Posts Tagged With: Victoria BC


Some time ago I posted a few photos of The Union Club Of BC. Photos zooming in on the building’s detail were missplaced. They never made it into the article. After some time they mysteriously reappeared back from their trip to no man’s land and gave me a chance to show them belatedly in a separate entry.

The first photo, an older photo taken with a phone camera, shows the front as an introduction to those finer details.


Walking up the stairs we’ll have a look at a few of the details that can only be seen by getting a little closer.







When looking over the ballustrade I see myself standing across the street taking the first photo, and round and round we go. We’ve looked at only two sides of this awesome building; the other two sides are obscured by the city.


Categories: Buildings, Photography | Tags: , | 6 Comments

The Northern Junk buildings revisited

Recently I posted a few photographs of the Northern Junk buildings even though at the time I did not know those were them. Since then blogger mates have pointed this out to me which prompted a revisiting of the site. As the oldest standing buildings (circa 1860) in Victoria they are historic and protected as such. They are part of the Johnson St Bridge development and Reliance Properties bought them. I have looked at the plan for this area and the buildings show nicely in it. The question is of course how they, especially their outside appearance, will show by the time everything is said and done. In this design which I downloaded from I circled the two buildings as they are shown facing the waterside.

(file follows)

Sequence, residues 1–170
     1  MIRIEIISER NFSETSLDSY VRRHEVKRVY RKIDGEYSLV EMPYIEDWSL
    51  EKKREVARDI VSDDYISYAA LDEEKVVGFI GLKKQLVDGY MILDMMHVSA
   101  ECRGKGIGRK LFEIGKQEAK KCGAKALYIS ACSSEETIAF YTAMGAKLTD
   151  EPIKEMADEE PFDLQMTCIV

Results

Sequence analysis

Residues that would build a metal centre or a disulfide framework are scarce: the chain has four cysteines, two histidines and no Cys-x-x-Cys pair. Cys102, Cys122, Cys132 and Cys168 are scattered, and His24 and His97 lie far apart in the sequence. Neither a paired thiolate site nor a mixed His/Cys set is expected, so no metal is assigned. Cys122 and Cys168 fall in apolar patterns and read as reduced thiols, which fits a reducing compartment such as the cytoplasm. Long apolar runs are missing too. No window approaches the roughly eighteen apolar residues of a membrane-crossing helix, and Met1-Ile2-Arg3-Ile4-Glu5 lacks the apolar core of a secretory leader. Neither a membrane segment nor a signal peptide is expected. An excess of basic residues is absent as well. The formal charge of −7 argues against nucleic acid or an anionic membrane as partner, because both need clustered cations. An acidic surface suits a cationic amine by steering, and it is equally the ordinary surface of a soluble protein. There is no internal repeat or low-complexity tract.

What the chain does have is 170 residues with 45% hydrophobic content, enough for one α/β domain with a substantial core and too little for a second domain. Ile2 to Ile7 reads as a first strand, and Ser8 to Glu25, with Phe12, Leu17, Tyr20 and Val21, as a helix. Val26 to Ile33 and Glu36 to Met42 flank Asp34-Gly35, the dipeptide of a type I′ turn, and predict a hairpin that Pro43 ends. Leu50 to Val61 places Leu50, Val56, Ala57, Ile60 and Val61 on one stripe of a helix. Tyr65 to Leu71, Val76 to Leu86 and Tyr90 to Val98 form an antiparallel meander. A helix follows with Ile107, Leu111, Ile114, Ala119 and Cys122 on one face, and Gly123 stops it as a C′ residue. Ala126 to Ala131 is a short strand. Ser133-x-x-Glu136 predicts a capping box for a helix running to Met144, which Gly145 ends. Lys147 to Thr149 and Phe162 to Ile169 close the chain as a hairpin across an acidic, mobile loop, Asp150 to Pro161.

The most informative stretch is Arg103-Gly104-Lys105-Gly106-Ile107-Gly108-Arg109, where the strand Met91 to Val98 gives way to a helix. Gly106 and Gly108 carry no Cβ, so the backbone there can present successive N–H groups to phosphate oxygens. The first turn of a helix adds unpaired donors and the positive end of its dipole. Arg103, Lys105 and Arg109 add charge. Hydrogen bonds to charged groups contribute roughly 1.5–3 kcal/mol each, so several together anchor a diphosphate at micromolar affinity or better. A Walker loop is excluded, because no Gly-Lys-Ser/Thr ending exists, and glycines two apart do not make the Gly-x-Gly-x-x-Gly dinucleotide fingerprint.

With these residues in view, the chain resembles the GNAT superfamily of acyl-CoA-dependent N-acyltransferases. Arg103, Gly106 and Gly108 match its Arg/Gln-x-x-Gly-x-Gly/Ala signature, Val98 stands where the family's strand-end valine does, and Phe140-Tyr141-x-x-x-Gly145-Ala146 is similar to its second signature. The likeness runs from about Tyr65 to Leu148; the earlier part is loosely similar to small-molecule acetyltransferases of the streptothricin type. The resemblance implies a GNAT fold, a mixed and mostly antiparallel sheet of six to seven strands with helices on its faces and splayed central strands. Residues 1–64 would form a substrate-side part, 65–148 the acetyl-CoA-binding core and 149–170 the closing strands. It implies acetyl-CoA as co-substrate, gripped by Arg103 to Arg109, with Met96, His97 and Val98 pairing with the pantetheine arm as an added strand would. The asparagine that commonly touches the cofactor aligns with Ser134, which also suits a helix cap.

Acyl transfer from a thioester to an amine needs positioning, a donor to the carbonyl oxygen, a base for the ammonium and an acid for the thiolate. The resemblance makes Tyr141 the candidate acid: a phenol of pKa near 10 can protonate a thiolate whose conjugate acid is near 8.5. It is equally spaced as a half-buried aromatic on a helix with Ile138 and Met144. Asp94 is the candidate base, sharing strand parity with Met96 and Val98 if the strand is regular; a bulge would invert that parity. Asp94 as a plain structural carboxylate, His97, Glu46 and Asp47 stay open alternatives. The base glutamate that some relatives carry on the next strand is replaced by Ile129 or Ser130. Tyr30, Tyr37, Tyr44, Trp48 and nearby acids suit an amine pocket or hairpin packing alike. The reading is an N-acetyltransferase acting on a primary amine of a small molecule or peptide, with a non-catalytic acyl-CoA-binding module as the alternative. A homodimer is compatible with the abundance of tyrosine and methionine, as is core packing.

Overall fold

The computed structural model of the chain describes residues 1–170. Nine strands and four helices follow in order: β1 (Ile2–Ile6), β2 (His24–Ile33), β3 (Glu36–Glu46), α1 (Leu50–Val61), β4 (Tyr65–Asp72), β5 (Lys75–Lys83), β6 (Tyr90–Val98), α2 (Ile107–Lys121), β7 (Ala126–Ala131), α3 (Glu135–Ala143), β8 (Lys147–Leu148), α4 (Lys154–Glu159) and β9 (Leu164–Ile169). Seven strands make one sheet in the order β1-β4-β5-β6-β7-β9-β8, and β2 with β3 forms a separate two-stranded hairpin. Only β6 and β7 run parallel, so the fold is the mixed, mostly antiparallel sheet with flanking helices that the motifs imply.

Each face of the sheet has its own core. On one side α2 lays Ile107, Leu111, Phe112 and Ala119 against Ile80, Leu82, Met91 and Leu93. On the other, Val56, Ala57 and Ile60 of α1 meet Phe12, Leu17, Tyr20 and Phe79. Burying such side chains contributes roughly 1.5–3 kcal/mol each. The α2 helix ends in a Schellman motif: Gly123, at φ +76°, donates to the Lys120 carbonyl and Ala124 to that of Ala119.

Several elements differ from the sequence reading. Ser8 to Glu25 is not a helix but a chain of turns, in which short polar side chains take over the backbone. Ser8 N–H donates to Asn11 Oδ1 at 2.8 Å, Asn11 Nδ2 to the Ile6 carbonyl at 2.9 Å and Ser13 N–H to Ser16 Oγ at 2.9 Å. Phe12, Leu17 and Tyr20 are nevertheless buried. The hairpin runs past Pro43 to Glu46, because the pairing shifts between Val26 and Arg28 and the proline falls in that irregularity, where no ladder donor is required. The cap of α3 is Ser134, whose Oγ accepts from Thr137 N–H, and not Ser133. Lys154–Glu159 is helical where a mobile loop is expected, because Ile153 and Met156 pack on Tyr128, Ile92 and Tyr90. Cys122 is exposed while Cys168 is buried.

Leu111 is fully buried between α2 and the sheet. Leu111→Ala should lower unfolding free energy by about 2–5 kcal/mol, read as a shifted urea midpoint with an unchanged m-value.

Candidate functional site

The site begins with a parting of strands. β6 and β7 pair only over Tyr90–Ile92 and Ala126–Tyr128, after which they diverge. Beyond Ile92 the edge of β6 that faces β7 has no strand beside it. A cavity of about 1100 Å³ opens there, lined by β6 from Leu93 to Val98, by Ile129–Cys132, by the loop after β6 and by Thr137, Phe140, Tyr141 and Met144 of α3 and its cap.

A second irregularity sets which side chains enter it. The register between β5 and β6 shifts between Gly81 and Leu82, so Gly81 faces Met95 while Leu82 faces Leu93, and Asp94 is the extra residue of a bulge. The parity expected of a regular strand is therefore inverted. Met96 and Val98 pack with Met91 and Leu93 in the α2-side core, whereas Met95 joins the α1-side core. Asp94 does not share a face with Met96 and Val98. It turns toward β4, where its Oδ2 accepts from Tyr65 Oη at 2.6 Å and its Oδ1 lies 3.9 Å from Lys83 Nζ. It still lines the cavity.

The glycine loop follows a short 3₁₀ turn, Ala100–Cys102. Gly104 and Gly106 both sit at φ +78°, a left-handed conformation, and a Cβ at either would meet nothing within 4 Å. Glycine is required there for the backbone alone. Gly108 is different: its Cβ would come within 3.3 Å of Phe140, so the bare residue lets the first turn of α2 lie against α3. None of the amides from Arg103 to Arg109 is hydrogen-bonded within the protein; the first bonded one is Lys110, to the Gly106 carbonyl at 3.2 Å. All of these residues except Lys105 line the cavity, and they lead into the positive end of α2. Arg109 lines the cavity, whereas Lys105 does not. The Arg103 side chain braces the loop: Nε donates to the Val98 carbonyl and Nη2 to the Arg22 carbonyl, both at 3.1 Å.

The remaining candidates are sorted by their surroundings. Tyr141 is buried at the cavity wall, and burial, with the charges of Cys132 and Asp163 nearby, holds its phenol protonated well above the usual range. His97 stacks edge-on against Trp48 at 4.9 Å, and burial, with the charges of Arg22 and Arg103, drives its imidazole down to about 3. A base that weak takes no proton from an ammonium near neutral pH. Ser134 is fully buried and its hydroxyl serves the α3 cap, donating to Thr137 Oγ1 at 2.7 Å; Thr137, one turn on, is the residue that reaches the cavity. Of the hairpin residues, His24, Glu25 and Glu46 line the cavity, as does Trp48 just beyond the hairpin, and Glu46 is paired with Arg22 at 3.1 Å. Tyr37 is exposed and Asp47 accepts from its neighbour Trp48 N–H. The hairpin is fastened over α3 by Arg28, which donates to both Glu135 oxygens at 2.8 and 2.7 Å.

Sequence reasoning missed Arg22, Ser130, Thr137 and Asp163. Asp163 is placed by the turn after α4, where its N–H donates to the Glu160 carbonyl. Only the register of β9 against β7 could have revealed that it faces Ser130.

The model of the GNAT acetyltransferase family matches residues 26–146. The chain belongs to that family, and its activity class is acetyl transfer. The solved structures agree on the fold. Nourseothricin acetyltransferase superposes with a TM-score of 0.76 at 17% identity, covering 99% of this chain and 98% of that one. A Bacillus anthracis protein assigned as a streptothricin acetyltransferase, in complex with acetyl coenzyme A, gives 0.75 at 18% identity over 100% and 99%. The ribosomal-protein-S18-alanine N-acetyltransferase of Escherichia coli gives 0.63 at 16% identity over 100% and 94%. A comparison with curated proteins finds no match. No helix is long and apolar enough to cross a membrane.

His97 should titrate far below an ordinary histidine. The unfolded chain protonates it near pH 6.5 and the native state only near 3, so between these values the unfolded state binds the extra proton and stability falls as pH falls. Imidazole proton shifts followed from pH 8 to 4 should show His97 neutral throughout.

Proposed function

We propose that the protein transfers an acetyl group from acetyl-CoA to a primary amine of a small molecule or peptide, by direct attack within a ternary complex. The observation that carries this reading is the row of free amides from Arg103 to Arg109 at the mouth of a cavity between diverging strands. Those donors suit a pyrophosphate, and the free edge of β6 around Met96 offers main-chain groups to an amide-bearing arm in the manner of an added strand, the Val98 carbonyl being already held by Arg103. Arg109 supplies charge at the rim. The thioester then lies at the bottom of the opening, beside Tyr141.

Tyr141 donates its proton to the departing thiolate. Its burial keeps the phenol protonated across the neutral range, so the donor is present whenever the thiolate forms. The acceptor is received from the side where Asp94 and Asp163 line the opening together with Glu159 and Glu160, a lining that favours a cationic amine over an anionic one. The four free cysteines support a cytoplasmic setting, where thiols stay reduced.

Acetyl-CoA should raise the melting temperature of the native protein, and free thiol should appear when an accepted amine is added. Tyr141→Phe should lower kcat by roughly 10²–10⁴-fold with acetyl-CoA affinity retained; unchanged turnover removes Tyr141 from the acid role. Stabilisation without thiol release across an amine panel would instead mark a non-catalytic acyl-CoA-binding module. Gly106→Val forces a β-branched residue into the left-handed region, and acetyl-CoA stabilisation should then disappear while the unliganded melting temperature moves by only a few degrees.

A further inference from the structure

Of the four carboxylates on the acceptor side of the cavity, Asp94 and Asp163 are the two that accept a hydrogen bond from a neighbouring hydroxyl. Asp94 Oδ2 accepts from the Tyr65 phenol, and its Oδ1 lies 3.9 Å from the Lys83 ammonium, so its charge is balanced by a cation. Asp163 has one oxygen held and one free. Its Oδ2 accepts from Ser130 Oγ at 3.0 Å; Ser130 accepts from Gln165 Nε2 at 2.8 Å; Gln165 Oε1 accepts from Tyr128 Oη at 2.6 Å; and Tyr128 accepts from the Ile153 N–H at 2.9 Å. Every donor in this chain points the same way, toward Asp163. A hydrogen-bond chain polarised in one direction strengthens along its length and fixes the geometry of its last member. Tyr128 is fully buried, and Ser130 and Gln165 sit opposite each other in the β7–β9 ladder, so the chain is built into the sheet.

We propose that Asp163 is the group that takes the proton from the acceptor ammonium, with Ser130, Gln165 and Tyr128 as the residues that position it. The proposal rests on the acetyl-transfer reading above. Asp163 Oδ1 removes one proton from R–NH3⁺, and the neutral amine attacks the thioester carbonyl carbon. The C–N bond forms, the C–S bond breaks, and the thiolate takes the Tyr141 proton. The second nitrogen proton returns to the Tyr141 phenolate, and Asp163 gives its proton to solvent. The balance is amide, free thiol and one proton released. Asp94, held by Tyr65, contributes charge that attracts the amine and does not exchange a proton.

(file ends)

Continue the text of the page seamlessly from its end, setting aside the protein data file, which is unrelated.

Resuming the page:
Northern Junk Development as seen from the water
Below are a few more photos of the buildings in today’s environment starting with the front:
Northern Junk Buildings 2-2-2013 (7)bl